David Frith urges us to look beyond the next fix of fun and escapism to the real joys that lie ahead, thanks to Jesus’ sacrifice
Outside our back door and around the house we have collections of coloured pebbles and sea shells, spirit-lifting mementoes of happy and warmer days spent on different beaches on holiday. By the time you read this, the days will be getting warmer and the daylight stronger. We will also have noticed and rejoiced in other signs of improving weather: catkins, snowdrops, early lambs, daffodils, birds singing, the grass looking greener, and so on. And in the world of human affairs, who can fail to have noticed pictures, programmes, articles and conversations, all encouraging us to consider future holidays?
In the dark days we naturally look forward to something brighter and better, and rejoice in those pointers, like our sea shells, which tell us bleak times don’t last forever. What nicer way for many to hasten this prospect of future gladness by doing the research, looking at brochures and websites, and then finally making real that longed-for better future by actually booking the holiday?!
Springtime, then, is a time of hope, renewal, warmer days, the defeat of darkness, good things ahead. No wonder eggs, chicks, lambs, budding flowers and blossom feature so strongly in our imagery for Spring and the Easter season. That “ancient pulse of germ(ination) and birth” (as Thomas Hardy describes it in a very wintry poem) still beats strongly today and gladdens us in prospect.
As we contemplate the brightening meteorological future and the consoling prospect of time away on holiday, it might seem odd to be raising a cautionary note. Is everything ahead really quite so rosy and hopeful, uplifting and reassuring ? Is our natural focus on holiday pleasure and the freedom from the drudge and dreariness of the everyday actually a bit myopic?
As we raise our sights and see other less desirable things coming down the road towards us, it might seem natural to lower our vision again to the brighter short-term elements of the future over which we exercise some control. We’d rather edit out the advancing years, illness, crises, shortage of resources and offensive regimes making the lives of countless millions miserable. Add your own woe at this point! As Voltaire’s Candide famously puts it, we (in real or metaphorical ways) can tend just to want to “cultivate our garden.”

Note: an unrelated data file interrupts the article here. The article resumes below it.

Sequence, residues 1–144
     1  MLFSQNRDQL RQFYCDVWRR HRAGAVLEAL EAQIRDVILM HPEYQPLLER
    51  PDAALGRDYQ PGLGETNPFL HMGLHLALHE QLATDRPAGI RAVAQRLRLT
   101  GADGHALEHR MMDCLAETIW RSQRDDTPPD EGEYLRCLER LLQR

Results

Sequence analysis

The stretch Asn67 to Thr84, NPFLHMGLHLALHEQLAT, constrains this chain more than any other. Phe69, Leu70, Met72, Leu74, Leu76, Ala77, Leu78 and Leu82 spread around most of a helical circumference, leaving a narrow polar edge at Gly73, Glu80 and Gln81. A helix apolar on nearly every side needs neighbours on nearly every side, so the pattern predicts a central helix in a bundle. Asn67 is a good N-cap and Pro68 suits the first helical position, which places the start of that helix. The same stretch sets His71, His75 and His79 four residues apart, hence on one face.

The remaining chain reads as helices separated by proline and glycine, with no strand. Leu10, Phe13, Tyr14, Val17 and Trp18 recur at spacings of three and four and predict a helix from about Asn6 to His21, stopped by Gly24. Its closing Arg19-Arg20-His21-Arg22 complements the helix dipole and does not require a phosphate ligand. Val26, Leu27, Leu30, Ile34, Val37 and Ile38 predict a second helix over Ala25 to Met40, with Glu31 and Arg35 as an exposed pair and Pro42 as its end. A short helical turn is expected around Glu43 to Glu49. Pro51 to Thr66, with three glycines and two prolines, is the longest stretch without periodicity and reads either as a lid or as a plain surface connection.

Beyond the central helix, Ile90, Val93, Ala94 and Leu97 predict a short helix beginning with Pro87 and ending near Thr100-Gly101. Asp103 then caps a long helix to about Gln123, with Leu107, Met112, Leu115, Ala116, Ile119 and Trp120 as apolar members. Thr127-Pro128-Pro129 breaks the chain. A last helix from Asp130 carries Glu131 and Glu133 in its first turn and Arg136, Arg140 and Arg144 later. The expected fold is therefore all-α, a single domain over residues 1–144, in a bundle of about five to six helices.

In this connection it is instructive to recall a verse in Scripture which notes that Jesus “set his face to go to Jerusalem” (Luke 9.51) No holiday trip lined up here. He had his sights fixed on an end point and was not going to be deflected in his intentions, even though he knew a long time back precisely what was coming down his particular road: what we memorialise this year on Friday April 14. This point of aim meant he knew, understood and accepted the various stages that were to lead up to this outcome: something we by contrast feel aghast at, since such purposefulness and far-sightedness are quite daunting for most people.
The writer of the epistle to the Hebrews in our New Testament puts the crucifixion in a broader context of something far better coming as a result of Christ’s suffering: “Jesus, for the joy set before him endured the cross.” The knowledge of something unimaginably greater ahead, and the trust that even in the worst of suffering and anguish God is somehow still mysteriously present, helped him face the very worst ordeal any human can face.
On 1 March the season of Lent begins. It’s an opportunity for personal preparation for the outburst of joy and hope and the defeat of death’s power of Easter. We have a ready-made chance in the coming weeks, perhaps by some traditional ‘giving up’, or by taking on extra disciplines (prayer, reading, meditation, quiet time to do some guided or specific thinking) to create space to make a personal ‘collection’ of those things, like our shells, which remind us that behind the very real darkness and bleakness of much of life, there is a future hope of which Christ has been the pioneer. As he told his disciples on one of the occasions he was with them after the resurrection: “In this world you will have trouble. But take heart! I have overcome the world.”
David Frith, Reader, Berkeley Benefice